What better way to end your day in Udaipur than enjoying a picturesque boat cruise along Lake Pichola. Watch the lake glimmer during a beautiful sunset as you pass Udaipur’s illuminated skyline dotted with mansions. Admire stately palaces on the lake’s islands and learn about Udaipur’s culture and history from your knowledgeable guide.
Udaipur’s tag of ‘the most romantic spot on the continent of India’ was first applied in 1829 by Colonel James Tod, the East India Company’s first Political Agent in the region. Today the romance is wearing ever so slightly thin as Udaipur strains to exploit it for tourist rupees. In the parts of the city nearest the lake, almost every building is a hotel, shop, restaurant, travel agent – or all four rolled into one. Ever-taller hotels compete for the best view, too many mediocre restaurants serve up near-identical menus, and noisy, dirty traffic clogs some of the streets that were made for people and donkeys.
Limpid and large, Lake Pichola reflects the cool grey-blue mountains on its rippling mirror-like surface. It was enlarged by Maharana Udai Singh II, following his foundation of the city, by flooding Picholi village, which gave the lake its name. The lake is now 4km long and 3km wide, but remains shallow and dries up completely during severe droughts. The City Palace complex, including the gardens at its southern end, extends nearly 1km along the lake’s eastern shore.
Taj Lake Palace, the icon of Udaipur, is a romantic and extra ordinary white-marble palace seemingly floating on the lake, with open-air courtyards, lotus ponds and a small, mango-tree-shaded pool. Rooms are hung with breezy silks and filled with carved furniture. Some of the cheapest overlook the lily pond rather than the lake; the mural-decked suites will make you truly feel like a maharaja. Access is by boat from the hotel’s own jetty in the City Palace gardens.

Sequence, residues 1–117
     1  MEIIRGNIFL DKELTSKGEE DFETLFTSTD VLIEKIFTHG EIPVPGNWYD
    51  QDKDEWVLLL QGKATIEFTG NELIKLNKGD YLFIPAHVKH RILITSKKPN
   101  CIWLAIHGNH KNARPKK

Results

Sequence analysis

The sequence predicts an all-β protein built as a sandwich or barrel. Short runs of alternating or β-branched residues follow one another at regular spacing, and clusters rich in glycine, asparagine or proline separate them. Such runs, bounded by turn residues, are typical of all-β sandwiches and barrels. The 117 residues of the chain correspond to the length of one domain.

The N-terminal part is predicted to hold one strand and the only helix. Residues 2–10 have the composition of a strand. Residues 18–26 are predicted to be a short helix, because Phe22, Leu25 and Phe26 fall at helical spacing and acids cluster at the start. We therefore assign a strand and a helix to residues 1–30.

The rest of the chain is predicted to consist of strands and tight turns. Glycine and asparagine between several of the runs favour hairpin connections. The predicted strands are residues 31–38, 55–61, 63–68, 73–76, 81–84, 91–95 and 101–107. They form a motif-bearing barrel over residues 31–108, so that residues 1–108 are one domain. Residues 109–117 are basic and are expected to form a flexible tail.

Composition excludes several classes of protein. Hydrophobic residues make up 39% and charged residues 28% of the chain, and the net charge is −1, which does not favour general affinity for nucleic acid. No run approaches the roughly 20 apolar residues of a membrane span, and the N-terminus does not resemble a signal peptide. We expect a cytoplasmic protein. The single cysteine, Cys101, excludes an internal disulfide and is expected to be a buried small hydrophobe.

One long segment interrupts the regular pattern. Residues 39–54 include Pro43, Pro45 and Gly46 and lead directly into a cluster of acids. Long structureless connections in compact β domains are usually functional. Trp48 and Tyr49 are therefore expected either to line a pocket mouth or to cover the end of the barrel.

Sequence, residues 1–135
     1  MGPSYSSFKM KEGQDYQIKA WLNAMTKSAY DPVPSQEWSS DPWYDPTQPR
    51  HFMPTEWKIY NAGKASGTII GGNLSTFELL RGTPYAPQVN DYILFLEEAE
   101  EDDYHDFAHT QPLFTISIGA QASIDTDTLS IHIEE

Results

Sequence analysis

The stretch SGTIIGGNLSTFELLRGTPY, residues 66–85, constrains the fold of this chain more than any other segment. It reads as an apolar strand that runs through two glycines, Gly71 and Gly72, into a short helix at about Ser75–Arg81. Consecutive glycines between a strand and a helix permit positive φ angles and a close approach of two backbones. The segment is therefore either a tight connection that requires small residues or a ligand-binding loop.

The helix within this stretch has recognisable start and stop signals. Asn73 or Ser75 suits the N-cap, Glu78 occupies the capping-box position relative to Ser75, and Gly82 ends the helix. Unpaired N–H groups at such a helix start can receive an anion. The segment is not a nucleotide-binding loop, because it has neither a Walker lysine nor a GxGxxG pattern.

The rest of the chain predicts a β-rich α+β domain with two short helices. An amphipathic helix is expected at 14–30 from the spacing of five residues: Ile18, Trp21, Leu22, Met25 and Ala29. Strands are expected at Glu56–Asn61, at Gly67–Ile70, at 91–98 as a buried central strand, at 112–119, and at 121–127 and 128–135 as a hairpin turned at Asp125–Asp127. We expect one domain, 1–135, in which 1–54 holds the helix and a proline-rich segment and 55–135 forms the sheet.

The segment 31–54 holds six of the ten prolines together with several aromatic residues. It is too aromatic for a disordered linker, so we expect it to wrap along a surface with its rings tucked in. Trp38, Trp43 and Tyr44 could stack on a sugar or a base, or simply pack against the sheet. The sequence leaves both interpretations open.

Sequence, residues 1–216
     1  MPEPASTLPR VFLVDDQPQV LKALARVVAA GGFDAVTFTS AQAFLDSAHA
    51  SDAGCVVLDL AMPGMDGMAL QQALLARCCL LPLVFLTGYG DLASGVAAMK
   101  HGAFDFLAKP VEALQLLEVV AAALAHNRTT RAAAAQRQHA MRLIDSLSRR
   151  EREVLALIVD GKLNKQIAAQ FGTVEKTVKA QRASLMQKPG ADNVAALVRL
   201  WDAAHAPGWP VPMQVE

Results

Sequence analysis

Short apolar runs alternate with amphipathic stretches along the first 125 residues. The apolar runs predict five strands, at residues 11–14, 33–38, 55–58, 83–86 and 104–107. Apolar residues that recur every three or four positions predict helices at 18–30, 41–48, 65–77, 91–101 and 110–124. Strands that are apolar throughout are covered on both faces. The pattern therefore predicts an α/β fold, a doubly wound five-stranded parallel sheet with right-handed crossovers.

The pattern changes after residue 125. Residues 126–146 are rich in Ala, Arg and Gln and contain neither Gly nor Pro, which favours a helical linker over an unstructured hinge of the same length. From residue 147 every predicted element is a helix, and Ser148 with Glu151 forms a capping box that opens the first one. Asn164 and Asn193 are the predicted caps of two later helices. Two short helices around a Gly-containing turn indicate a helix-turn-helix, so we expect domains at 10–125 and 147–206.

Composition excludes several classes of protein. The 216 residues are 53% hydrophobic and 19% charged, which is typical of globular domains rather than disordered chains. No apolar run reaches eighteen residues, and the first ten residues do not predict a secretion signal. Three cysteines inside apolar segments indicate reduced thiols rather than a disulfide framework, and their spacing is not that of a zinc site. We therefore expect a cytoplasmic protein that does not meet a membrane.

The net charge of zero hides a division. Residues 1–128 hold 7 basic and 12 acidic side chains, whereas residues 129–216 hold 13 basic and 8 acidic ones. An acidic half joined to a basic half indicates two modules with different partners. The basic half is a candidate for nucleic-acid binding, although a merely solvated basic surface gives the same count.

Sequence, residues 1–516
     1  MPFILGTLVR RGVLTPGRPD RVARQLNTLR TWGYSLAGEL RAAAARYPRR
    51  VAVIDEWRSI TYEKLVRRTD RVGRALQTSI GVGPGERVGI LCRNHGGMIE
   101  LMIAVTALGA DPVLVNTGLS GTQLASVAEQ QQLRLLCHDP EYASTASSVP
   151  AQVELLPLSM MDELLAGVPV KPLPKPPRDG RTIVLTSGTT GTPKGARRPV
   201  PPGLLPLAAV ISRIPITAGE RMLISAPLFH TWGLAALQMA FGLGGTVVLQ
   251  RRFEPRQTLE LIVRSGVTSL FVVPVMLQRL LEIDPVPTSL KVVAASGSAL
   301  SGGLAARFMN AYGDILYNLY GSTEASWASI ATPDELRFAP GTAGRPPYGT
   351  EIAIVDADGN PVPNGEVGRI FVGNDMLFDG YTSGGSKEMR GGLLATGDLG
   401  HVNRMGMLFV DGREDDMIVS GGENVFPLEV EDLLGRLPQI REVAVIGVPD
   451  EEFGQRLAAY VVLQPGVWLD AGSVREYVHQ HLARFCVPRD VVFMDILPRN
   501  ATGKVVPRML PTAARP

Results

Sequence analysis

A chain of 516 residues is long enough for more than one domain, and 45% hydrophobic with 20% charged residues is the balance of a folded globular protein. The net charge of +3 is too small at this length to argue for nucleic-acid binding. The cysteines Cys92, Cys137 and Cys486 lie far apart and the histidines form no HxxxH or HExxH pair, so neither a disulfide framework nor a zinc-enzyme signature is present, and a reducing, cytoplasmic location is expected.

The palace on Jagmandir Island, about 800m south of Jagniwas, was built by Maharana Karan Singh in 1620, added to by his successor Maharana Jagat Singh, and then changed very little until the last few years when it was partly converted into another (smaller) hotel. When lit up at night it has more romantic sparkle to it than the Lake Palace. With its entrance flanked by a row of enormous stone elephants, the island has an ornate 17th-century tower, the Gol Mahal, carved from bluestone and containing a small exhibit on Jagmandir’s history, plus a garden and lovely views across the lake.
Surmounted by balconies, towers and cupolas towering over the lake, the imposing City Palace is Rajasthan’s largest palace, Construction was begun in 1599 by Maharana Udai Singh II, the city’s founder, and it later became a conglomeration of structures (including 11 separate smaller palaces) built and extended by various maharanas, though it still manages to retain a surprising uniformity of design.
Boat trips leave roughly hourly from Rameshwar Ghat, within the City Palace complex The trips make a stop at Jagmandir Island, where you can stay for as long as you like before taking any boat back. Boat trips on the lake are available, as a cheaper alternative to those offered in the City Palace complex. You can take 30-minute boat rides from Lal Ghat, throughout the day without the need to enter the City Palace complex: it’s worth checking in advance what time the popular sunset departure casts offs.
And..if you are wary of water rides, there is still places to linger along and set your sights from the land shores. Head to the small Sunset Point Park that has dazzling views over Lake Pichola, Jagmandir Island and off toward the Sajjan Garh (Monsoon Palace). And if you want to be be pleased with aerial view of the lake, opposite the park is the lower station of the Ropeway , a cable car which swings over to Machla Magra hill where the views are even more expansive and a Mata Karni temple to get blessed.